User experience guides a competitive electric vehicle market

Jessica Chapman, Corporate Sales Director at LeasePlan UK, shares her knowledge on UX applications and how these are allowing automotive to evolve today

From infotainment to user experience (UX), everything incorporated into an automobile is evolving thanks to the increased delivery of electric vehicles (EVs) and the rising interest in, and demand for, digitally enabled systems. 

When looking at the industry and how it has evolved, consumers and manufacturers are somewhat more preoccupied by the software of their vehicles as opposed to the hardware—particularly when internal combustion engines (ICEs) are no longer powering them. 

Jessica Chapman, Corporate Sales Director at LeasePlan UK, talks more about this topic and how UX is driving change and delivering new and exciting capabilities to differentiate between brands. 

Chapman was appointed Corporate Sales Director for LeasePlan UK in December 2021, with 25 years of experience working with the company. This follows previous experience in leadership roles in sales, customer services and operations while providing expert advice and guidance as co-host of the company’s fleet manager webinar series. 

In this current role, she specialises in supporting both our UK public sector and corporate fleets during the ongoing transition to electric vehicles, while also serving as global lead for the public sector at LeasePlan Corporation. 

    Electrification influences a major digital incentive

    Now that powertrain is less of a differentiator between car models, what are the key factors shaping consumers’ approach towards buying a car? 

    Historically, vehicle powertrains were a major differentiator between car models, but the ongoing diversification of the electric vehicle market has begun to level the playing field.

    Hybrid Electric Vehicles (HEV), Battery Electric Vehicles (BEV) and Plug-in Hybrid Electric Vehicles (PHEV) are all capable of zero emissions driving, which petrol and diesel powertrains are not. So, they will appeal to the growing numbers with the desire to protect the planet by reducing their own carbon footprint. Moreover, with the gradual introduction of Clean Air Zones (CAZ) and expansion of the ULEZ in London, an HEV, BEV or PHEV will be more practical as it would allow for travel for these urban areas without incurring fines. 

    Given the current economic climate, cost and efficiency are still significant factors for most drivers when it comes to selecting their next vehicle. EVs may have a greater upfront cost, but their lower running costs save drivers money in the long term. Both PHEVs and HEVs also have reduced road tax, while BEVs have none, contributing to even lower running costs – although this is set to change from April 2025 onwards.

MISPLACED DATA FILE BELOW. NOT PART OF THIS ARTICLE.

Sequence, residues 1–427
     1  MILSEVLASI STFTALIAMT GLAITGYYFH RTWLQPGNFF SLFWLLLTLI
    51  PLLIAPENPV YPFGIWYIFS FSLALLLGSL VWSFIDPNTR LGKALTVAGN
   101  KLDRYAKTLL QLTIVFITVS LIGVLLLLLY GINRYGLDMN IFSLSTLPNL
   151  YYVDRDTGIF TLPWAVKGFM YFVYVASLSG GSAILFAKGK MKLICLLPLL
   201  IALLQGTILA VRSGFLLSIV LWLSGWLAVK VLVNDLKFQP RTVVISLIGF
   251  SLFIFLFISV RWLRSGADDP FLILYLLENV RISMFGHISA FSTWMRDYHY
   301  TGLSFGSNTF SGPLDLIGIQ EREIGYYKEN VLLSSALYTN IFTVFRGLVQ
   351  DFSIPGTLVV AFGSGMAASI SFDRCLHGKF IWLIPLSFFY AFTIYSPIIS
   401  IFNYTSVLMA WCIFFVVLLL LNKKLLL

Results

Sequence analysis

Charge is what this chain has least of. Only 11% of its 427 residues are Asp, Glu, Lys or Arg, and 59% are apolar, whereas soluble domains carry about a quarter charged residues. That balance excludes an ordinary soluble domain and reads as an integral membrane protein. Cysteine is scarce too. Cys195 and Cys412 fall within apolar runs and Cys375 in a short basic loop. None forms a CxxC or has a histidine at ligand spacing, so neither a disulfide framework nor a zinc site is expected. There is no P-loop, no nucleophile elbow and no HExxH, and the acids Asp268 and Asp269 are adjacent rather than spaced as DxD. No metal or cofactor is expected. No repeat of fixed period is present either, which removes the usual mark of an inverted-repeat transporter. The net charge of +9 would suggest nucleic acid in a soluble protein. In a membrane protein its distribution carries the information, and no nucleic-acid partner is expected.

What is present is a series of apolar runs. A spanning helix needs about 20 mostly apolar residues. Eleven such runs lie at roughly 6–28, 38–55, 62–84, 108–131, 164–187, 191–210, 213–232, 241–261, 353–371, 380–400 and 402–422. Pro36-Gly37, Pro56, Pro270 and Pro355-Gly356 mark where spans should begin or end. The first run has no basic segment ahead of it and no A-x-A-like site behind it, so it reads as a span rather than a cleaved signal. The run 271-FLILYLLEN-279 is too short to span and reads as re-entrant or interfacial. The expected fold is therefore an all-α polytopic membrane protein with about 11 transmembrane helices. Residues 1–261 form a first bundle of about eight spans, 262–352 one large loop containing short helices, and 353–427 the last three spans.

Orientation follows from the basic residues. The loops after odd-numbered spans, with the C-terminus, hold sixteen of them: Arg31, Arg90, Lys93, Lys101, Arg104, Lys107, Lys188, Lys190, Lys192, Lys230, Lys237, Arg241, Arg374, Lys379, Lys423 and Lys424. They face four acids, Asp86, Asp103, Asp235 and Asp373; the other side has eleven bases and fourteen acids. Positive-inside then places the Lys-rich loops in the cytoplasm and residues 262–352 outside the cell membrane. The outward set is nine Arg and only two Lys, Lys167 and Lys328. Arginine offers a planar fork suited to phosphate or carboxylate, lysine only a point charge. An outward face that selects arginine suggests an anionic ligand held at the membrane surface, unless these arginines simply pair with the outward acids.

To combat the upfront costs, EVs are now more accessible through Salary Sacrifice schemes. A portion of gross salary (before tax) is spent leasing an EV, reducing the monthly cost alongside drivers’ taxable income and NI contributions. 

    Data gathered from over 2,000 UK drivers in our World EV Day research confirmed this growing appetite for EVs, with 72% of those under 45 considering an electric car. With this in mind, we think it’s only a matter of years before EVs take over as the dominant form of powertrain.

     When did the shift to digital differentiators begin? 

    The shift to digital differentiators for EVs began in the early 2000s, with the introduction of successful hybrid-electric cars, such as the Toyota Prius. These vehicles featured digital motor control systems that allowed more accurate control and improved energy efficiency.

    As battery technology improved and costs decreased, fully electric vehicles began to gain traction in the market. The first mass-market electric vehicle, the Nissan Leaf, was introduced in 2010 and featured advanced digital control systems. Since then, digital differentiators have become an increasingly important component of EVs.

    Today, most EVs feature advanced digital control systems incorporating machine learning algorithms and other advanced technologies to optimise vehicle performance and efficiency. As electric technology continues to evolve, digital differentiators are likely to play an even more important role in developing next-generation electric vehicles.